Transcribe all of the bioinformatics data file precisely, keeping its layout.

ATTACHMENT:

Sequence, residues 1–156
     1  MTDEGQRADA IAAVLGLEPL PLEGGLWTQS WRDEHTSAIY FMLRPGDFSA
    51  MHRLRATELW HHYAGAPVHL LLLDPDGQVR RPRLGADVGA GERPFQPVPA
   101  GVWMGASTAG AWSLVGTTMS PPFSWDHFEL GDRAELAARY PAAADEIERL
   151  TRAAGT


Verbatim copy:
Sequence, residues 1–156
     1  MTDEGQRADA IAAVLGLEPL PLEGGLWTQS WRDEHTSAIY FMLRPGDFSA
    51  MHRLRATELW HHYAGAPVHL LLLDPDGQVR RPRLGADVGA GERPFQPVPA
   101  GVWMGASTAG AWSLVGTTMS PPFSWDHFEL GDRAELAARY PAAADEIERL
   151  TRAAGT